Heartfelt Theater and Music

By Sarah Spitz

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Heartfelt Theater and Music
October 13, 2023 THEATER Wikipedia describes “binoculars” (or field glasses) as two refracting telescopes mounted side-by-side and aligned to point in the same direction, allowing the viewer to use both eyes when viewing distant objects. In the play, Birds of North America, onstage at the Odyssey Theatre, a father and his daughter come together to birdwatch and fill out Dad’s “life list” (of birds) in his wooded Baltimore backyard. But they might as well be looking through the wrong end of the binoculars, as they grow more distant and talk past one another emotionally. It’s partly reflective of our polarized times that their world views separate them, making their personal relationship even harder to reconcile. The staging is simple but effective: A tall tree trunk is the backdrop, branches hang over the stage and lots of fallen leaves, with the characters’ clothing defining the changing seasons over a ten-year period. The sound design is replete with birdsong and the music is hauntingly beautiful. The tension between the characters is instantaneous. John, played in masterfully curmudgeonly style by Arye Gross, is married to a doctor who’s supported the family during his 25 years of clinical trials in his quest to create a new anti-malarial drug. Daughter Caitlyn (Jacqueline Misaye) is young enough not yet to have found her own direction. For now, she’s writing a speculative fiction novel in her spare time and working as a copy editor for an ultra-conservative website.
The play cycles poignantly through the ultimate seasons of life, enhanced by the genuine onstage dynamic between the two actors, Arye Gross as John and Jacqueline Misaye as his daughter. Caitlyn.
John detests the politics of Caitlyn’s employer. He’s a scientist but also a guilt-tripping environmentalist; of course, as an avid birder, he sees first-hand how human-made climate change is destroying nature. Caitlyn, whose employer is all-in on oil, says she’s just doing a job. John sees it as helping the enemy.

As the seasons pass, they continue birding and quibbling, but the intensity of their differences grows, especially as Caitlyn, now married, experiences the most serious of several miscarriages. She’s becoming more brittle, the marriage is falling apart, and she’s come home to live for a while. John tries to make a scientific argument minimizing miscarriages, completely missing Caitlyn’s heartbreak.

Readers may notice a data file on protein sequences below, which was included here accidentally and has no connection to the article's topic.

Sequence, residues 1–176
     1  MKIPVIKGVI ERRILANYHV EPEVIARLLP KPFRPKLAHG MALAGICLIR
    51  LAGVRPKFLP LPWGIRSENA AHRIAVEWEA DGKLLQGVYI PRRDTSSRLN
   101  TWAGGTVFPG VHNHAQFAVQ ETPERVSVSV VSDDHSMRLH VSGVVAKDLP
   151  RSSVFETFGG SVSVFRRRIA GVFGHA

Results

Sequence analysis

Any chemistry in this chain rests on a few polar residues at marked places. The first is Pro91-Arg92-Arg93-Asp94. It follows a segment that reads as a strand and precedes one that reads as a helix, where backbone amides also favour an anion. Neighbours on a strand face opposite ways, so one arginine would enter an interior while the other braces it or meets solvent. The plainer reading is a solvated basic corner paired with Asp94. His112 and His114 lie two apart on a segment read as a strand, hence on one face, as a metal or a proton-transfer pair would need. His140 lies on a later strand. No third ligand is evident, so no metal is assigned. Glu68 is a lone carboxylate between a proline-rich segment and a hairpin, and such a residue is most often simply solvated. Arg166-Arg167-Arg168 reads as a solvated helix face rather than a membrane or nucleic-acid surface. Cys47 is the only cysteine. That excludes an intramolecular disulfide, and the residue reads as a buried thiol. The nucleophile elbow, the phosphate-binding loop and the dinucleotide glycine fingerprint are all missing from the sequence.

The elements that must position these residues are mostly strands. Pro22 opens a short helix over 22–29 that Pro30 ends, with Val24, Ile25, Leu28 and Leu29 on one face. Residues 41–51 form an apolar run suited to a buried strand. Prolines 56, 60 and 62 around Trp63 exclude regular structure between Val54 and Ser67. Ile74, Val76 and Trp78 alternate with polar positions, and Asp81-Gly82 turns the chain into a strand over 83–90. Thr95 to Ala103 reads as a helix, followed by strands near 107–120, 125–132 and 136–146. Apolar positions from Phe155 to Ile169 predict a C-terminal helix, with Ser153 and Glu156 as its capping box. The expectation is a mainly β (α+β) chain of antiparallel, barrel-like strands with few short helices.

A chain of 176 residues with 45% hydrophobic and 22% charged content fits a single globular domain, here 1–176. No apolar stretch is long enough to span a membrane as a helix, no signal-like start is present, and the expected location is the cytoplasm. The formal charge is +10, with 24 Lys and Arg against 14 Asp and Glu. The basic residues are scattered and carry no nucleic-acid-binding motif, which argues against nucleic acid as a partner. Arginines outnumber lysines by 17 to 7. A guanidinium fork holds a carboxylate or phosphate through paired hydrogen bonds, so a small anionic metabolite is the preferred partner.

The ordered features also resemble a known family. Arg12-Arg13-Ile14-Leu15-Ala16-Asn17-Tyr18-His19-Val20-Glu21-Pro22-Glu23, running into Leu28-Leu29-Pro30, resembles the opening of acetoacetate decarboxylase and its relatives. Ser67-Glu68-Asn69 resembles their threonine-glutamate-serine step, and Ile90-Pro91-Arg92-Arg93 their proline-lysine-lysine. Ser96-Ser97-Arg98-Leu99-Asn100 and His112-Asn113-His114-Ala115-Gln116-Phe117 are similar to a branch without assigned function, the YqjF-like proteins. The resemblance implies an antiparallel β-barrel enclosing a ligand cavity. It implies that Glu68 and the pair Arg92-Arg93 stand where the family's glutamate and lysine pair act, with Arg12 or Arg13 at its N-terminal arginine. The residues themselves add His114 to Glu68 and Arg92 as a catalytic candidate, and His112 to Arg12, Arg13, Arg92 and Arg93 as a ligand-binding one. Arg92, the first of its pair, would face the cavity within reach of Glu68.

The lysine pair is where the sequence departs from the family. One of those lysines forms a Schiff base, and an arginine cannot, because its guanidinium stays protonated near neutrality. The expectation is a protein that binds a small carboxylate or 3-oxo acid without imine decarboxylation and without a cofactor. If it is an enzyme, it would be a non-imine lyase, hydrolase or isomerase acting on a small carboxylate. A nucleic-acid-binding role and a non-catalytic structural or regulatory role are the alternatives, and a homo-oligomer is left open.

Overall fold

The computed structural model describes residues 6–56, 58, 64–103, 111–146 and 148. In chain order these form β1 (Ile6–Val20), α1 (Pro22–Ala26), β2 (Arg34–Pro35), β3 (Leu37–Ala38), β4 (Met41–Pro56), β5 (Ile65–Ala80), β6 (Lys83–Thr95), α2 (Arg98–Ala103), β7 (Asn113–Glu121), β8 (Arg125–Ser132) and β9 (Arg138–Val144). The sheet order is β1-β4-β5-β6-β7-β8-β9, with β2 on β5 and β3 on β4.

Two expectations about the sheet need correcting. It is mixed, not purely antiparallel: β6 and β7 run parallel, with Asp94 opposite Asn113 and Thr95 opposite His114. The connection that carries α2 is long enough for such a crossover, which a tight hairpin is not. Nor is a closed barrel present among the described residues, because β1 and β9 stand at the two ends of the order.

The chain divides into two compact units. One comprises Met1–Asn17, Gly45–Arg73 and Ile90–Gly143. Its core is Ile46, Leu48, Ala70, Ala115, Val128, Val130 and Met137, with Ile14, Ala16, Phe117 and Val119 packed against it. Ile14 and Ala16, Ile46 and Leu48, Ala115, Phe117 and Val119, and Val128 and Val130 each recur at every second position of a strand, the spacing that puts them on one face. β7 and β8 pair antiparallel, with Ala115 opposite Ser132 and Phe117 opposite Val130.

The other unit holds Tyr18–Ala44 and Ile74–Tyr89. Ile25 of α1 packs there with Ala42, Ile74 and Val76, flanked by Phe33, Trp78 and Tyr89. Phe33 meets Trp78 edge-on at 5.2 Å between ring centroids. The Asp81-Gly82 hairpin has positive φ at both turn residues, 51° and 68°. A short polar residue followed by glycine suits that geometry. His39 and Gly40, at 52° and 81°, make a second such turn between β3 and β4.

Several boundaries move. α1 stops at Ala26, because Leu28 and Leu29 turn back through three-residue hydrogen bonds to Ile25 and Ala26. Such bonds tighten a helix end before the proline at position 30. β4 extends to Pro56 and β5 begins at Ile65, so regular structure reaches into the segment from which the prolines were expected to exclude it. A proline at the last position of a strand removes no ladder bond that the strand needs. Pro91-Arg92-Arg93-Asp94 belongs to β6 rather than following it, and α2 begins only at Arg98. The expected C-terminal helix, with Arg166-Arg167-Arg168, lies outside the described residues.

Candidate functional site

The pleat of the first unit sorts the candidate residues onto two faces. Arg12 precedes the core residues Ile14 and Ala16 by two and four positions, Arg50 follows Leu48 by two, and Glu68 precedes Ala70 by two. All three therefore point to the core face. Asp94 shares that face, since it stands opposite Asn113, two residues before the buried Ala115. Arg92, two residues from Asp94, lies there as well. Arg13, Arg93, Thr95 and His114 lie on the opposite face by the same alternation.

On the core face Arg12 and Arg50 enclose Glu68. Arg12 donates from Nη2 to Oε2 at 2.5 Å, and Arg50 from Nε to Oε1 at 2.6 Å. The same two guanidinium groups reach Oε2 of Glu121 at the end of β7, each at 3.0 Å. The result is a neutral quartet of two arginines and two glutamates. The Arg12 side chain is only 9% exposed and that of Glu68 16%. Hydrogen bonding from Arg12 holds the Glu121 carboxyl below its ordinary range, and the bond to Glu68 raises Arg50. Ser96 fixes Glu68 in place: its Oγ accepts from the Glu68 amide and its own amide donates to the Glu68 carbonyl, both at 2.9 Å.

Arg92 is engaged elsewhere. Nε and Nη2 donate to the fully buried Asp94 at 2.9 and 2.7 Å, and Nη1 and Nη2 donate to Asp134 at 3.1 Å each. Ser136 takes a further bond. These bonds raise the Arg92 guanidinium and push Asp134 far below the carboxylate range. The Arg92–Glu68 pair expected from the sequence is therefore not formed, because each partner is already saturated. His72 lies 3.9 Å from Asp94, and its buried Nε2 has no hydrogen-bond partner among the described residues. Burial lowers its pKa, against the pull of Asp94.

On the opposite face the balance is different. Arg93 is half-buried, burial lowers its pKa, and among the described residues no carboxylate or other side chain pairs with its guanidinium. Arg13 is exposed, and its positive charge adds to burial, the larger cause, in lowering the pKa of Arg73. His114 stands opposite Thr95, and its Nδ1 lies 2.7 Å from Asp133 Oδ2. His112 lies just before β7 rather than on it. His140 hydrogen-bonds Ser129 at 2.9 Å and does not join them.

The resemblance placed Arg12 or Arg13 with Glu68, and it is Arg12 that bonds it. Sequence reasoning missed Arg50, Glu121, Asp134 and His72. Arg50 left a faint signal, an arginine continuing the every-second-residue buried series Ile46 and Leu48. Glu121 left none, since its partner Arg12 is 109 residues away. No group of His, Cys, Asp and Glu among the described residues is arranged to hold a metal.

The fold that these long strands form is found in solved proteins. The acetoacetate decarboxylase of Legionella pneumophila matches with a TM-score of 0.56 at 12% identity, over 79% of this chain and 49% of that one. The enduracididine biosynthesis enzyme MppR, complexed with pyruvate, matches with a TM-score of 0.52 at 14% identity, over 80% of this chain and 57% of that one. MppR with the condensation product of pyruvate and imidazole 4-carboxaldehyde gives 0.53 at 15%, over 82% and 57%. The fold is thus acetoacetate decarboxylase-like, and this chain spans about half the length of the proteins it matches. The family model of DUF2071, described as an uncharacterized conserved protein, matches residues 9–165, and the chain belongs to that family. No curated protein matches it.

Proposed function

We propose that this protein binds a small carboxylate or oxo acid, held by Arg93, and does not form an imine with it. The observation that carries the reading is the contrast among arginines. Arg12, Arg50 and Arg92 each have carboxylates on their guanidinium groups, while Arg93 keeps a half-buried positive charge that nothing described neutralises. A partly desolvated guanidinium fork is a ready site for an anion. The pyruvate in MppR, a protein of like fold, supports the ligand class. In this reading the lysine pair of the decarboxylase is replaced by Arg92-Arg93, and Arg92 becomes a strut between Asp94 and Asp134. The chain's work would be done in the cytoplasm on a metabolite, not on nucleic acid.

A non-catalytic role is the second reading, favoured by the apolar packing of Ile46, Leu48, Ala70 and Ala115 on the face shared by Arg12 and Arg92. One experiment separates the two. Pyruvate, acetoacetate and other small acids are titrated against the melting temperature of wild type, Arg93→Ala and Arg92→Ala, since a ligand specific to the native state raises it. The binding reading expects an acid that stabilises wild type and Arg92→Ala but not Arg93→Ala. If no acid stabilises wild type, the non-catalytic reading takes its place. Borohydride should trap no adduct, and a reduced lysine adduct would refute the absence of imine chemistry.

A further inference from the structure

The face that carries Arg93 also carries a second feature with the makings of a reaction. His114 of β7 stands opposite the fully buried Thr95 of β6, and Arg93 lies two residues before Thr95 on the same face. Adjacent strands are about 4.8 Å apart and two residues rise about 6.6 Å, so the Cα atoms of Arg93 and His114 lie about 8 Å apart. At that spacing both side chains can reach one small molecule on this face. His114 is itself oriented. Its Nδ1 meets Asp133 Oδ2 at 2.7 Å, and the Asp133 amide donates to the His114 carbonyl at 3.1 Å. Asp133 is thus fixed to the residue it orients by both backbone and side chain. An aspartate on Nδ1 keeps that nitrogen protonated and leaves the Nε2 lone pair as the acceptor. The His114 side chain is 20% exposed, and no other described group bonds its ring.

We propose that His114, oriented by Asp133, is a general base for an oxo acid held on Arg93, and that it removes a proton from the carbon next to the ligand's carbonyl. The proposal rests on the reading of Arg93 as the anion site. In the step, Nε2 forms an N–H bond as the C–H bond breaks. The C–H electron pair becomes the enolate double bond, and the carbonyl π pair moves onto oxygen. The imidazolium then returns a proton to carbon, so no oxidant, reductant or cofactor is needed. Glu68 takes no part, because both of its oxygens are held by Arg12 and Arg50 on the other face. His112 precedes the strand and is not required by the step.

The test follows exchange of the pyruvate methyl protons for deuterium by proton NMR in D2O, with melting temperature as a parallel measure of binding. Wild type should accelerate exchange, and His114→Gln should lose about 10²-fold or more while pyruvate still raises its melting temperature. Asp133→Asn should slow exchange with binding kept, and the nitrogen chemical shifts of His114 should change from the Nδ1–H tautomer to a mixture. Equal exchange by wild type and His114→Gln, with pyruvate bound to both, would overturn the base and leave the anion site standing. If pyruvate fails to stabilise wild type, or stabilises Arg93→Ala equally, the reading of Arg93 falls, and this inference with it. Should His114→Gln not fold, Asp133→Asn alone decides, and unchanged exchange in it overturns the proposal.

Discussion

Later, Caitlyn conveys her mother’s desire to take a trip to Italy with John, but he pooh-poohs the idea, using the carbon impact of air travel as part of his excuse. She just wants John to have some fun but he seems incapable.

The most heartbreaking moment comes later, after Caitlyn finds a career path in marketing and they haven’t seen each another for a long time. John leaves an emotionally vulnerable voicemail, expressing all the things he’s never told her. Will he or won’t he delete it?

The play cycles poignantly through the ultimate seasons of life, enhanced by the genuine onstage dynamic between the two actors. I asked my friend, the father of a college-age daughter, what he thought of the play; we agreed it was powerfully moving but he noticed something I didn’t. “They never once say I love you.”

“Birds of North America” is onstage at the Odyssey Theatre in West Los Angeles through November 19. dysseytheatre.com

MUSIC
Los Angeles Chamber Orchestra (LACO) launched its 2023-24 season Chamber Series at the Wallis Annenberg Center for the Performing Arts on September 30, and I was blown away by both the music curation and virtuosic performances by the featured artists.

As an English major at UCLA, I’d read the poet/writer Samuel Taylor Coleridge’s “Rime of the Ancient Mariner.” But I’d never heard of the composer Samuel Coleridge-Taylor or his daughter Avril. British-Sierra Leonean composer/conductor Coleridge-Taylor was referred to as the “African Mahler.” Pianist/composer Avril made history as the first woman to conduct the Royal Marines Band, the London Symphony Orchestra and the Boston Symphony Orchestra. Their stories are worth seeking out.

Avril’s “Idylle for Flute and Pianoforte” featured the astounding piano work of Anne-Marie McDermott, followed by Coleridge-Taylor’s “Clarinet Quintet in F-sharp minor.” Both compositions were dazzling and embraced the program’s theme, “Lineage,” weaving classical and folk elements in each.

Anne-Marie McDermott also reigned supreme in the program’s final work, Ernest Chausson’s “Concerto for Violin, Piano and String Quartet,” which received a well-deserved standing ovation. Margaret Batjer, LACO’s Concertmaster, did a masterful job as the lead violinist.

A tragic story, Ernest Chausson was a disciple of Belgian-born César Franke. He became a lawyer to honor his parents’ wishes, but went on to compose and perform, even though he was tortured by doubt and insecurity. He was a contemporary of painter Odilon Redon and a student of Jules Massenet. He fell into the zeitgeist of “fin-de-siecle” Paris; sadly, he died in a bicycle accident at the age of 40, just as he was beginning to receive recognition.

I highly recommend attending one of LACO’s upcoming programs, featuring compelling musical stories, celebrated works and world-renowned soloists. Find out more at Laco.org.

Sarah A. Spitz is an award-winning public radio producer, retired from KCRW, where she also produced arts stories for NPR. She writes features and reviews for print and online publications.

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October 13, 2023

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